Message for worship at West Richmond Friends Meeting, 20th of Twelfth Month, 2020 Speaker: Patrick Nugent Scripture: Luke 1:26-38 Luke 1:26-38, New Revised Standard Version (NRSV)
The Birth of Jesus Foretold
In the sixth month the angel Gabriel was sent by God to a town in Galilee called Nazareth, to a virgin engaged to a man whose name was Joseph, of the house of David. The virgin’s name was Mary. And he came to her and said, “Greetings, favored one! The Lord is with you.” But she was much perplexed by his words and pondered what sort of greeting this might be. The angel said to her, “Do not be afraid, Mary, for you have found favor with God. And now, you will conceive in your womb and bear a son, and you will name him Jesus. He will be great, and will be called the Son of the Most High, and the Lord God will give to him the throne of his ancestor David. He will reign over the house of Jacob forever, and of his kingdom there will be no end.” Mary said to the angel, “How can this be, since I am a virgin?” The angel said to her, “The Holy Spirit will come upon you, and the power of the Most High will overshadow you; therefore the child to be born will be holy; he will be called Son of God. And now, your relative Elizabeth in her old age has also conceived a son; and this is the sixth month for her who was said to be barren. For nothing will be impossible with God.” Then Mary said, “Here am I, the servant of the Lord; let it be with me according to your word.” Then the angel departed from her.
Good morning, Friends!
Of all the liturgical seasons, Advent might be the most Quaker. The early Quakers were death on the liturgical seasons, for all sorts of reasons. There’s no getting around that. Having grown up in the church that invented liturgical seasons, I know a little bit about them, both their spiritual dangers and their spiritual benefits, and I admit both. I’ve often wondered when West Richmond meeting started observing Advent. I remember Friends earlier this season talking about Advent not being a familiar part of their growing up in this and other pastoral meetings. I’d make a wild guess it was sometime during the 70s, but who knows?
Nonetheless, here we are: it is Advent. I’ll tell you right away that I’m not going to preach about Christmas today. I do want to talk about Advent and what we might learn from it. I do think that of all the liturgical seasons, it may be the most Quaker. We tend to think of it as a preparation for Christmas, and in some ways I was raised to think of it that way. For parents of young children it can be helpful to give us some pacing on our way to Christmas, to put the brakes on things, slow them down, mark time a little bit. The pressures of secular Christmas are so enormous that Advent can be a way of helping children dissipate the pressure a little bit and talk about why Christmas itself is important.
More than anything else, Advent is a season of waiting. The liturgical tradition has scripture readings assigned to the Sundays of Advent, and those readings are calibrated very carefully to recall the First Coming of Christ, but only in order to remind us that we are really waiting for the Second Coming of Christ. I recently encountered a reading from St. Cyril of Jerusalem, a writer in the very early Christian centuries, who made exactly that point about Advent. We remind ourselves and prepare ourselves for celebrating the anniversary or the memorial of the First Coming of Christ, precisely so that we remember that we are now waiting for the Second. I don’t know how much sympathy that idea will generate with anybody here, but please hear me out, because I think Quakers can profit from thinking about Advent as a season of waiting.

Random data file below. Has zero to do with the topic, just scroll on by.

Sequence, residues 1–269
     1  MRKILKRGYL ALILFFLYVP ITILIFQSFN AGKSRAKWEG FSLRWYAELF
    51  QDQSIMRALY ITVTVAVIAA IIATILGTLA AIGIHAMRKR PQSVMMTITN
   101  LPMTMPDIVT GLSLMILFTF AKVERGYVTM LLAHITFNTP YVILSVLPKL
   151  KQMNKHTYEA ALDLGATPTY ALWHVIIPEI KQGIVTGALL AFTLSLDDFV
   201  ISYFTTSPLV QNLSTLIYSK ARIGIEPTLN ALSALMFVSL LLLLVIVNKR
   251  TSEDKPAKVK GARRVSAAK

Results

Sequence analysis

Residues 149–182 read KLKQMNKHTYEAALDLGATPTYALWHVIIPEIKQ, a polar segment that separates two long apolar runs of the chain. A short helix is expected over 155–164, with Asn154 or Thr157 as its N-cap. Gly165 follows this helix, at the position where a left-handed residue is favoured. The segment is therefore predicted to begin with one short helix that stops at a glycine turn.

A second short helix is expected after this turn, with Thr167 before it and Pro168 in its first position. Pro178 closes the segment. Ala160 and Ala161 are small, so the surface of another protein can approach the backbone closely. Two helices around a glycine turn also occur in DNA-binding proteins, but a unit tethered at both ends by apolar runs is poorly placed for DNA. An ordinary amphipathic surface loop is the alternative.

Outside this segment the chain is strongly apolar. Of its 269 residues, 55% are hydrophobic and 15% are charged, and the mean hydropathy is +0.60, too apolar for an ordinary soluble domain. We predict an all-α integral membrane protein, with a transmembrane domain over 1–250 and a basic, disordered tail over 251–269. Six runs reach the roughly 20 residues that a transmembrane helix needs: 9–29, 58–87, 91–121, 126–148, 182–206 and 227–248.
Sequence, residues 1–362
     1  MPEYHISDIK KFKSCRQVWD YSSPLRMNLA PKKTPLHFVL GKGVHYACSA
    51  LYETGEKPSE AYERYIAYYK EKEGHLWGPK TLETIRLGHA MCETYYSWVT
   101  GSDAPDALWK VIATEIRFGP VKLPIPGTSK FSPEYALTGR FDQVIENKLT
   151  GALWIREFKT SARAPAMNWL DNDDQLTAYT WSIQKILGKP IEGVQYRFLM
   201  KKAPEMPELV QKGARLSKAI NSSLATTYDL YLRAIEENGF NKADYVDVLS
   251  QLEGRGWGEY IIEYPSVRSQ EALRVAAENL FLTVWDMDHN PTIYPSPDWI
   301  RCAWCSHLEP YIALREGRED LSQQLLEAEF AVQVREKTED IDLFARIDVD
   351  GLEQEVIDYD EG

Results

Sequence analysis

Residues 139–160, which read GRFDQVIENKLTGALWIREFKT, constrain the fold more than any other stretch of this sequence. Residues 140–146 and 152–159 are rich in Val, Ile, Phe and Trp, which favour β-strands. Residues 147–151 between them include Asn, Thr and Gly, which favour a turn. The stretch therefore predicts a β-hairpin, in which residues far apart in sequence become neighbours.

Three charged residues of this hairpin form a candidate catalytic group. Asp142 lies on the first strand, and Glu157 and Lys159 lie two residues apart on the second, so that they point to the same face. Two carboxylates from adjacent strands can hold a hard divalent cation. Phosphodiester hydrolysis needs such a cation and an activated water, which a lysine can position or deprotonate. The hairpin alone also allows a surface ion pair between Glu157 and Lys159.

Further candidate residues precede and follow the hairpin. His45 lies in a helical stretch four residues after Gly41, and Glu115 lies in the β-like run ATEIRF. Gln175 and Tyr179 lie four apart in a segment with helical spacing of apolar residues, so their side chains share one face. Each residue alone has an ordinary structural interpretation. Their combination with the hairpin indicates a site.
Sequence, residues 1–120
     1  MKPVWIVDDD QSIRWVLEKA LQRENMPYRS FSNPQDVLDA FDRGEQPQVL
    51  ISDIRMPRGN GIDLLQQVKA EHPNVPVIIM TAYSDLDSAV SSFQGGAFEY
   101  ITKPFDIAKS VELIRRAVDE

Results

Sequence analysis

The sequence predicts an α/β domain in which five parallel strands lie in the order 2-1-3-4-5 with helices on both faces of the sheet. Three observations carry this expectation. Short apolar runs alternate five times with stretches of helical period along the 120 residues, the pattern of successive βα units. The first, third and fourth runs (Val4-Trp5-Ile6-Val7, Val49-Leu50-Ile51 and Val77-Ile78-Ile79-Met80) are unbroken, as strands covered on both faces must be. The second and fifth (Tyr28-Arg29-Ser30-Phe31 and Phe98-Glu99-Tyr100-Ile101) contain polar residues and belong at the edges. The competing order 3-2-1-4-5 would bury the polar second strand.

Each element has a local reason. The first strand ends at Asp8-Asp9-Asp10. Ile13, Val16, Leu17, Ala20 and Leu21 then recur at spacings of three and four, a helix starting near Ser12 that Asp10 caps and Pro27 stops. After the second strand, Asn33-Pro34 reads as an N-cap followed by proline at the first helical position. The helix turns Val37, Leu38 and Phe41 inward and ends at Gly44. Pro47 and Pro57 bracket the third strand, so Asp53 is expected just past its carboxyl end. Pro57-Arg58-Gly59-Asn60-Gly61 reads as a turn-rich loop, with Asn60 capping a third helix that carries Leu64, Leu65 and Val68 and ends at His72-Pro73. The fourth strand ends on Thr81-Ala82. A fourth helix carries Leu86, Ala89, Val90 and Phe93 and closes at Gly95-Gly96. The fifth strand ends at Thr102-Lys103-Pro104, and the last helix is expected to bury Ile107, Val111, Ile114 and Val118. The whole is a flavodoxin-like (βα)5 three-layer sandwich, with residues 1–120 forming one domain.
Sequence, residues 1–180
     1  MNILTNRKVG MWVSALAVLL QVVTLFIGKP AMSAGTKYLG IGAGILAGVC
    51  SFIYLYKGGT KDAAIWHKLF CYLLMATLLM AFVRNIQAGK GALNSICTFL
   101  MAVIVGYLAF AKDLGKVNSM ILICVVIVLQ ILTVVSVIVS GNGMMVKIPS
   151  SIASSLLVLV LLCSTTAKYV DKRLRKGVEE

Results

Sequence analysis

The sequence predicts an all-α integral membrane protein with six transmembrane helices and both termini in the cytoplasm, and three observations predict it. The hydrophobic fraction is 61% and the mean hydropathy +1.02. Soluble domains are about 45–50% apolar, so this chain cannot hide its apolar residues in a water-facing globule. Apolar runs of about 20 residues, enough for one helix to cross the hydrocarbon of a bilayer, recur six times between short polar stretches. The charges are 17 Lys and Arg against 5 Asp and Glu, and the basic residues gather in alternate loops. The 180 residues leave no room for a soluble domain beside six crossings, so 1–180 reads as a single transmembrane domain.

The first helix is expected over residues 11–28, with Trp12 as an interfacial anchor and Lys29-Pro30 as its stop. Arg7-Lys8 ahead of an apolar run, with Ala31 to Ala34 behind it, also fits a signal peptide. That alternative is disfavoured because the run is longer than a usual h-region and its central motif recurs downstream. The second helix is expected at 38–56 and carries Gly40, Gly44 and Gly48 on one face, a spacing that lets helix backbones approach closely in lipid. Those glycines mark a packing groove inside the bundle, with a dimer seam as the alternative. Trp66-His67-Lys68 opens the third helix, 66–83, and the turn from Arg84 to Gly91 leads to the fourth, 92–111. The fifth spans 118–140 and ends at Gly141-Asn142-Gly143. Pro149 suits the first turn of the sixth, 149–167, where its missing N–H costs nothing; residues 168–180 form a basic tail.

The traditional readings of Advent, which these days are spread across a cycle of three years, emphasize both the coming of Christ, the birth of Jesus of Nazareth, and also the prophetic heritage of the Hebrew Bible that expresses the hope and the longing of Israel.
Now, there’s a certain way of thinking about prophecy that is not really helpful--thinking about it as a form of journalism that writes about the future instead of the past. For me it is not helpful to believe that prophets were simply telling us in advance what was going to happen in the future, the way a journalist tells us about what happened in the past—just in coded form. I think of it, read it, and experience it as expressing the hope and the longing of Israel, as well as a fair amount of self-criticism and pointing out injustice, pointing out ways in which people were walking on paths other than the path of God’s law, Torah. It’s not just about condemnation, though: It’s about hope for a future and the longings of the people of Israel. The earliest followers of Jesus and those who wrote the Gospels and the rest of the New Testament saw in that expression of hope and longing something that described what they found fulfilled in the person of Jesus.
Here’s a reading from Isaiah which will be very familiar to you, I think. What I want to listen for in this is that sense of hope and longing:
2 The people walking in darkness
have seen a great light;
on those living in the land of deep darkness
a light has dawned.
3 You have enlarged the nation
and increased their joy;
they rejoice before you
as people rejoice at the harvest,
as warriors rejoice
when dividing the plunder.
4 For as in the day of Midian’s defeat,
you have shattered
the yoke that burdens them,
the bar across their shoulders,
the rod of their oppressor.
5 Every warrior’s boot used in battle
and every garment rolled in blood
will be destined for burning,
will be fuel for the fire.
6 For to us a child is born,
to us a son is given,
and the government will be on his shoulders.
And he will be called
Wonderful Counselor, Mighty God,
Everlasting Father, Prince of Peace.
7 Of the greatness of his government and peace
there will be no end.
He will reign on David’s throne